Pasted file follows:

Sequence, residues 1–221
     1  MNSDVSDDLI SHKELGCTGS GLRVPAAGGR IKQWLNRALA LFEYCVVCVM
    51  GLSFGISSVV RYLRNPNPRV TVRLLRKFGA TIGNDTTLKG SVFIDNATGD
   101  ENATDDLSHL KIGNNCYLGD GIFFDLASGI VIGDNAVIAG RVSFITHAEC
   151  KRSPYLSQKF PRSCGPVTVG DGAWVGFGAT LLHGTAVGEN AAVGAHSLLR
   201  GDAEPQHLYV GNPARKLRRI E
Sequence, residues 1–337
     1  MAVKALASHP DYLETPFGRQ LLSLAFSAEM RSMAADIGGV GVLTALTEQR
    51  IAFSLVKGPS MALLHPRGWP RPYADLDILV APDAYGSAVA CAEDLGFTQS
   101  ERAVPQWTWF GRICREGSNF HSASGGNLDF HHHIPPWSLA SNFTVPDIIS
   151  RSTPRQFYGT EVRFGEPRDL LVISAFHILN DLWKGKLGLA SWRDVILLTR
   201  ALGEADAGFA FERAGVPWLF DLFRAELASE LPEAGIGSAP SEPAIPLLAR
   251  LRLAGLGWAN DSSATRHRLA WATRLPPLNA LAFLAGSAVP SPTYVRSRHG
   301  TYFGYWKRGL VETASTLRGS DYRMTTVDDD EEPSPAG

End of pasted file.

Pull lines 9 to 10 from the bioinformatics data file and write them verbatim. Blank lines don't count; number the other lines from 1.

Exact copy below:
    51  IAFSLVKGPS MALLHPRGWP RPYADLDILV APDAYGSAVA CAEDLGFTQS
   101  ERAVPQWTWF GRICREGSNF HSASGGNLDF HHHIPPWSLA SNFTVPDIIS